Alum of the Month: J. Vincent Aprile II
J. Vincent Aprile II, better known as Vince Aprile, practices with the law firm of Lynch, Cox, Gilman & Goodman P.S.C., primarily in criminal law and a variety of civil litigation matters, including employment law and civil rights.
After 30 years of service (1973–2003), he retired from the Kentucky Department of Public Advocacy. As a public defender, Aprile has represented indigent persons at all levels -- trial, appellate, and post-conviction, in the state and federal courts, including death penalty representation.
Aprile was the department’s first director of the appellate division, its first director of training and concluded his tenure with the department as a senior litigator and manager in the Capital Post-Conviction Conflict Branch, where his primary assignment was representing death row inmates in state and federal courts.
He was an adjunct law professor at Brandeis School of Law for eight years and was for more than 30 years a faculty member of the National Criminal Defense College at Mercer Law School in Macon, Georgia. Aprile is a nationally known continuing legal education trainer and during the past 35 years has trained lawyers in thirty-five or more states, the District of Columbia, Puerto Rico, Canada and Russia.
Why did you choose Brandeis?
I had wanted to be a lawyer since I was in the eighth grade, despite being fairly uninformed about the practice of law. In grade school and high school, I read a number of books, both non-fictional and fictional, about lawyers. I was a high competition debater at both my high school and college. When I finished college, I thought, as a native Louisvillian, Brandeis would be an excellent choice as I could remain in Louisville where I planned to practice. When Brandeis offered me a scholarship, that sealed the deal.
What is your best memory from your time at Brandeis?
Aside from my interaction and friendships with the other students and some of the faculty, one of my best memories is during my second year being a member of the school’s national moot court team that won our regional tournament in Omaha and went on to lose a very close match in the semi-finals of the national competition in New York City.
I was fortunate to receive the Outstanding Individual Oral Argument Award in the Regional Competition. What made this such a special memory was the welcoming reception, both formal and informal, the team received from both classmates and faculty upon our return to campus, even though we had not won the competition. Apparently, at that time, no Brandeis moot court team had ever gone as far as we did in the national competition. The moot court team’s faculty moderator was Professor Scott Thomson.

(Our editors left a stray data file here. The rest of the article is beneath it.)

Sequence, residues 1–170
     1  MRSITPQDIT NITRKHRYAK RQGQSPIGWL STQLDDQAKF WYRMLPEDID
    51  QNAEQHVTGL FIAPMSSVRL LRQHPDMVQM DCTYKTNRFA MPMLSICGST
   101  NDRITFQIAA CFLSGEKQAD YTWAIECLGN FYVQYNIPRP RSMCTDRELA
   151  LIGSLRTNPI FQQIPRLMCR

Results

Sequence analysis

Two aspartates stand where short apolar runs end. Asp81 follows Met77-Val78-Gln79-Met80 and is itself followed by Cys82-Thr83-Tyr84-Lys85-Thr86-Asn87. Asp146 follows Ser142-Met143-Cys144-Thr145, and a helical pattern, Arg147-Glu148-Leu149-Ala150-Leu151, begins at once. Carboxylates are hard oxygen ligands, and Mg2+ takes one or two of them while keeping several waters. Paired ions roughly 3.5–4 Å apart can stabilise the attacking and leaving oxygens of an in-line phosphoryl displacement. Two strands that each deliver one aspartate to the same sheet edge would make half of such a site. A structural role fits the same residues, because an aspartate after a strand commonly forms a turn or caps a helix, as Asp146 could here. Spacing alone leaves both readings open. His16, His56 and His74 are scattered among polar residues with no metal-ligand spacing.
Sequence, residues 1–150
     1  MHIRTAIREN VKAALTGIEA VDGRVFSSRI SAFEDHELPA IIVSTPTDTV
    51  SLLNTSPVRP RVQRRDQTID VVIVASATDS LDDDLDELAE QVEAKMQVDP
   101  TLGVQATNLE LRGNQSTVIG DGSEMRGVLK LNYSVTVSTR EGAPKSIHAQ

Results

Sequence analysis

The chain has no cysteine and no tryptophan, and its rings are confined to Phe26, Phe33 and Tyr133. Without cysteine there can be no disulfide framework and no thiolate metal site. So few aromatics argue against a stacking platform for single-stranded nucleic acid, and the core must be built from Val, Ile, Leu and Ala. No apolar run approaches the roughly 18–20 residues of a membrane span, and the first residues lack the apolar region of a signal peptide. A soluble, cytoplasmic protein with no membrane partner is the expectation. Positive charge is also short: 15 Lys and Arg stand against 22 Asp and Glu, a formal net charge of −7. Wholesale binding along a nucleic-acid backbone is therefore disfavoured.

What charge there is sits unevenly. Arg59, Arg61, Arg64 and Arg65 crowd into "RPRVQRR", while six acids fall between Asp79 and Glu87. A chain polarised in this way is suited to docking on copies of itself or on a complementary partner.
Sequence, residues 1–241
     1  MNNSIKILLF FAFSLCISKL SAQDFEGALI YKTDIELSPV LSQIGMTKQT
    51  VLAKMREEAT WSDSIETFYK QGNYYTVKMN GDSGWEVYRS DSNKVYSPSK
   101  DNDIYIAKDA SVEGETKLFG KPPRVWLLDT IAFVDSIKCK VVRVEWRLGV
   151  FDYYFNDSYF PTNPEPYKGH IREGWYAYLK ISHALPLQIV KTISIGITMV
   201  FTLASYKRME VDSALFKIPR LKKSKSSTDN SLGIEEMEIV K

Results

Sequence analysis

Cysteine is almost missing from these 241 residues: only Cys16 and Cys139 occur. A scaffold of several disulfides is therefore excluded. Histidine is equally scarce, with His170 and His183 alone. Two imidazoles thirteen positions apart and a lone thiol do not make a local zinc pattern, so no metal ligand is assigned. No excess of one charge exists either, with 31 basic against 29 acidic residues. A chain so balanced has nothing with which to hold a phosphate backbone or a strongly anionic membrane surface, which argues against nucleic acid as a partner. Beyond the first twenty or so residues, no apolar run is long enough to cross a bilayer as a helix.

But, I have another best memory of my “second time” at Brandeis when from spring of 1975 through 1983 I was a lecturer at the school teaching two seminars I created, Written Advocacy and Criminal Defense: Theory and Practice, that alternated each semester.
It was a special time for me, as I was a full-time public defender in the state public defender’s office in Frankfort, but able to share my expertise and experience with a great group of Brandeis students who were eager to learn about both of the areas I taught.
How did your experience at Brandeis help you in your career?
While I was attending Brandeis, I never had a law-related job. My knowledge of the practice of law was limited to what I learned in the classroom as we did not have a clinical program or -- to the best of my knowledge -- any school-affiliated internships.
Upon graduation, I was to be drafted in November as the Vietnam War was raging. I enlisted in the Army and after going through basic training as a 25-year-old, I elected to apply to be a lawyer in the Judge Advocate General’s Corps and was commissioned as a captain. My first assignment was as a trial lawyer in South Korea where I tried, as both defense counsel and prosecutor, a number of courts-martial.